Social Supply Chains

Social media in the B2B capacity

In case you’ve been living under a rock, social media has completely changed eCommerce on a global scale. For the average consumer, its become second nature to follow trends online and searching for the best deals. Social media has certainly thrived in a business-to-consumer (B2C) setting, as online retail giants Amazon and Overstock.com can attest. But will social media survive in a business-to-business (B2B) capacity? Will this strengthen supply chains?

Social media with B2B might predict future inventory needs

A recent example of social supply chain involves global retail giant Walmart. After acquiring Kosmix, a social media platform, Walmart plans to devise and develop social, and mobile, networking capabilities within their supply chain. Kosmix, now renamed WalmartLabs, hopes to enhance Walmart’s communicative collaborations with customers, suppliers, and logistic service providers.

“Social networking and mobile applications are increasingly becoming a part of our customers’ day-to-day lives globally, influencing how they think about shopping, both online and in retail stores,” said Mr. Castro-Wright, Vice Chairman for Walmart, in a statement.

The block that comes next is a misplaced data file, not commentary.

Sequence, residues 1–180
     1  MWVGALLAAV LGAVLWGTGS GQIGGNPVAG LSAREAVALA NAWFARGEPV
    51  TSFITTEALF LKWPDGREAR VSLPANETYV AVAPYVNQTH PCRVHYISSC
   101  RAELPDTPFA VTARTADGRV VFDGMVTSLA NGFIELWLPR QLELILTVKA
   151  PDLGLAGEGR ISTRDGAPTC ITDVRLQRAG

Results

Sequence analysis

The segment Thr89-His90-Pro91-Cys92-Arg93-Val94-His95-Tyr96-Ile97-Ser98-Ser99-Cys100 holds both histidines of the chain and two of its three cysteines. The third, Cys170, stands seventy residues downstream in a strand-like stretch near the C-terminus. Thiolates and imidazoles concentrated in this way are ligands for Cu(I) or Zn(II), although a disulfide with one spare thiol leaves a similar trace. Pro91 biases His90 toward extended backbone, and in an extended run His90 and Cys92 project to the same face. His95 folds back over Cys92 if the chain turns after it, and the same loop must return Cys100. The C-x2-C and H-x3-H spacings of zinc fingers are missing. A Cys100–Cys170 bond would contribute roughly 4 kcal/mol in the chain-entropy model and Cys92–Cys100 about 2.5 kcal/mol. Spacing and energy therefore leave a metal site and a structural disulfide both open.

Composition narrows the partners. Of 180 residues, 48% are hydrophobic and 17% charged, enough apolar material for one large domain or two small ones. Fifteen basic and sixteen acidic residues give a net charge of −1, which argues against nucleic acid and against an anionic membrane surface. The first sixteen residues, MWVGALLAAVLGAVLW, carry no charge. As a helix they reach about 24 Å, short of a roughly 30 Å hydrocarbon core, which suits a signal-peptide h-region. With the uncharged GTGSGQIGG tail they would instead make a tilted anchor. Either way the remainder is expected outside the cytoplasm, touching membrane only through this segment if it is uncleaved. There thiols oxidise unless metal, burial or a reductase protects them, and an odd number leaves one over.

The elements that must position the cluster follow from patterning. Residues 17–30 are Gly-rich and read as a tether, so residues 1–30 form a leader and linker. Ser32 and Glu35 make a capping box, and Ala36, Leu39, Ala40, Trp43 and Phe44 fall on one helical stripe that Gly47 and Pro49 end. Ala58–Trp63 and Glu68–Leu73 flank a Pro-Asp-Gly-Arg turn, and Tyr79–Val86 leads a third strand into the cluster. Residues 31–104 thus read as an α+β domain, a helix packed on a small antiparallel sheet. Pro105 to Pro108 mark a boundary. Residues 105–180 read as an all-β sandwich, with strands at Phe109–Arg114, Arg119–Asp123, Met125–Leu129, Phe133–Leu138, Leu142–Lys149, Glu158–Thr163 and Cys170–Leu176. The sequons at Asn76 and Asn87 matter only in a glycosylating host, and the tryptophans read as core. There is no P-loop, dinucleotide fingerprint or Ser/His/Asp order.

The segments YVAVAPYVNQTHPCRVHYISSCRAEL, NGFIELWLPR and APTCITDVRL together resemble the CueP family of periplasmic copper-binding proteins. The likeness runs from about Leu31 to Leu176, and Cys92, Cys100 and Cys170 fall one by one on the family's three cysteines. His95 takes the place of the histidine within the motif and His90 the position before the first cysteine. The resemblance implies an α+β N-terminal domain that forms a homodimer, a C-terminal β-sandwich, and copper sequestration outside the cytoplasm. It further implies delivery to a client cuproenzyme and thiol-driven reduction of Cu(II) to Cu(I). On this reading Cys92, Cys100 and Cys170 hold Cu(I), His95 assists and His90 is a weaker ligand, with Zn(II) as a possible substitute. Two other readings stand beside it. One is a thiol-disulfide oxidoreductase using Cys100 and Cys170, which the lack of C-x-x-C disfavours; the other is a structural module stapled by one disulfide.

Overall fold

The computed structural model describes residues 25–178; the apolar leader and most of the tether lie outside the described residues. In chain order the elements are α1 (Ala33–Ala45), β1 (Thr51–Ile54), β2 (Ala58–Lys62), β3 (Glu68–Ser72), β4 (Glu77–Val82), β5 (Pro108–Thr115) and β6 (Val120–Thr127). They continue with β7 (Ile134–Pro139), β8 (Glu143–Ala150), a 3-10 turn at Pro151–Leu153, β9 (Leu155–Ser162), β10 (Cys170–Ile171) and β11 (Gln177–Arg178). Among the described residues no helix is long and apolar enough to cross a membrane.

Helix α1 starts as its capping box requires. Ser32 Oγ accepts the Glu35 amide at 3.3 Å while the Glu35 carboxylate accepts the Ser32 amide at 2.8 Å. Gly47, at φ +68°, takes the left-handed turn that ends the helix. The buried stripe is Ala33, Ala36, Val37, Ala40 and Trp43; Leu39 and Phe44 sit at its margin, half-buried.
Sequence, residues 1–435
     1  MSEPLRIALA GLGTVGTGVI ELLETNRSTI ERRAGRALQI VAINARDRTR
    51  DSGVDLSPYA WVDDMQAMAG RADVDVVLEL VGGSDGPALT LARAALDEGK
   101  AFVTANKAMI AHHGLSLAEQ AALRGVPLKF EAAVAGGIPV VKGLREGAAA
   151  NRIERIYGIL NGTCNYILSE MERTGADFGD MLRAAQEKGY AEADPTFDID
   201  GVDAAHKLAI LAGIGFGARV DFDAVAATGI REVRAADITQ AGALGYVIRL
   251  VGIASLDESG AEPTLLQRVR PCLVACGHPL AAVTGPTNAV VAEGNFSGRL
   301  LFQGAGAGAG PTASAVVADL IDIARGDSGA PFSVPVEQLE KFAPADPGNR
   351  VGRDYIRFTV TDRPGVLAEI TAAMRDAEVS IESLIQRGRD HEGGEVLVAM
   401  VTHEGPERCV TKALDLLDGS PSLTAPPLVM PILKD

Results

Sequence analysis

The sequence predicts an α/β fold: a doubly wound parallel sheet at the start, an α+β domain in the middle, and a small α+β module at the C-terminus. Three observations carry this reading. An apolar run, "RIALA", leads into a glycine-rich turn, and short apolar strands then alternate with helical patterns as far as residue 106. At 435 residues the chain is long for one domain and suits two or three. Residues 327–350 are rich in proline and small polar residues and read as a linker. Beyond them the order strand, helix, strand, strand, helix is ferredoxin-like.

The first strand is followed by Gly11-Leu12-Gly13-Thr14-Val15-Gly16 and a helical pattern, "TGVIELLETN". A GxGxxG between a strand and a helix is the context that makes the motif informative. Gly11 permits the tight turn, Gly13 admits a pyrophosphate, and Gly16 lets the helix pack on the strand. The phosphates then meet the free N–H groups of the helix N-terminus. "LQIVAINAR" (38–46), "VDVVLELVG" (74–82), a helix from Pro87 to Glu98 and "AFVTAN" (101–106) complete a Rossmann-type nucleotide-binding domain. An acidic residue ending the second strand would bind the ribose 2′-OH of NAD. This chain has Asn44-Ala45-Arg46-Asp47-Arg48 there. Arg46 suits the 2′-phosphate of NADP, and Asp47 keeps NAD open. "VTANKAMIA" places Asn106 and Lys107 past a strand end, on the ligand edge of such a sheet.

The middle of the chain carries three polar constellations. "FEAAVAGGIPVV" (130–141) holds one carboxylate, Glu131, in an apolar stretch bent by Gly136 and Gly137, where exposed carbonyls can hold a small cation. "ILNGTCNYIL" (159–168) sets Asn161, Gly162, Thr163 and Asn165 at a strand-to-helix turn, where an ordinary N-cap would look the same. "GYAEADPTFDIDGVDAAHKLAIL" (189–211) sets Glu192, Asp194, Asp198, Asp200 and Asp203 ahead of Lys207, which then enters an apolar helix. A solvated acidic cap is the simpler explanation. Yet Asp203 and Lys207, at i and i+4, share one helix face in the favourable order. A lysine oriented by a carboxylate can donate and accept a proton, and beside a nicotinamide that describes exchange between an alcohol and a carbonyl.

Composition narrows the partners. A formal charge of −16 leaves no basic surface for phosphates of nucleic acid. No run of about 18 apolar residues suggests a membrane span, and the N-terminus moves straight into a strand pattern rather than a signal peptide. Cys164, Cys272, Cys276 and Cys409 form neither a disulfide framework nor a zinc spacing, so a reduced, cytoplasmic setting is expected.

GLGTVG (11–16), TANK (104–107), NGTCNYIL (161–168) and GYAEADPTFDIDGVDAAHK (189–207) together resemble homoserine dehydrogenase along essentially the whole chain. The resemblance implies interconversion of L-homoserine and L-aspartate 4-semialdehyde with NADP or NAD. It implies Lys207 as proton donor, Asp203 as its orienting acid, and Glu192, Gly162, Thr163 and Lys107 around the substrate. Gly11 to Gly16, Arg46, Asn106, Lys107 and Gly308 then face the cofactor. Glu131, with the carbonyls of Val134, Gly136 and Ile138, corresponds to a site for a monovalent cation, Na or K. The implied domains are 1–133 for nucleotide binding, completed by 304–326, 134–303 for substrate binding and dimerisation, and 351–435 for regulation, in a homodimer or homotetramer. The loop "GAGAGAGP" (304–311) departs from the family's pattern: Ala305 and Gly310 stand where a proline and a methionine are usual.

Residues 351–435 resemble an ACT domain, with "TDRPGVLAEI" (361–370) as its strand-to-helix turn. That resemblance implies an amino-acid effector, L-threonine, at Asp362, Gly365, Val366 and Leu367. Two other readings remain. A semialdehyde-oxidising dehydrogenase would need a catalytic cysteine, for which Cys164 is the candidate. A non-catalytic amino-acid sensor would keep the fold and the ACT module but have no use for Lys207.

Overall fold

Anand Rajaraman, co-founder of Kosmix, said in the Walmart statement: “Our work has focused on developing a social genome platform that captures the connections between people, places, topics, products and events as expressed through social media.”

So, what does that mean? Simply stated, introducing social media in the supply chain puts people, not documents, in the middle. Facilitating a social supply chain environment allows intuitive growth, design and flow. According to Mr. Rajaraman, social media can even predict customer demands, which helps determine what new products should be added to different stores, “We’re analyzing social information for the neighborhood area of each store,” he said. “How should the interests of a community influence the assortment in the store?”

Here is one example. Perhaps after investigating your data you find an increase of social activity pertaining to “hiking boots” resulted in increased buying activity during fall, but primarily on the East Coast. This saves the company time and money during the following season.

Is it the next step?

Realistically, social supply chain is the next step of eCommerce development. Indeed, as Facebook and Google+ connect personal social circles, social media within the B2B environment creates enterprise collaboration with suppliers. B2B software companies, like Moxie Software and Yammer, can harness how people down the supply chain communicate and collaborate with one another, or improve how companies analyze real-time information to help make smart business decisions. The end goal enables an efficient, money-saving social supply chain.

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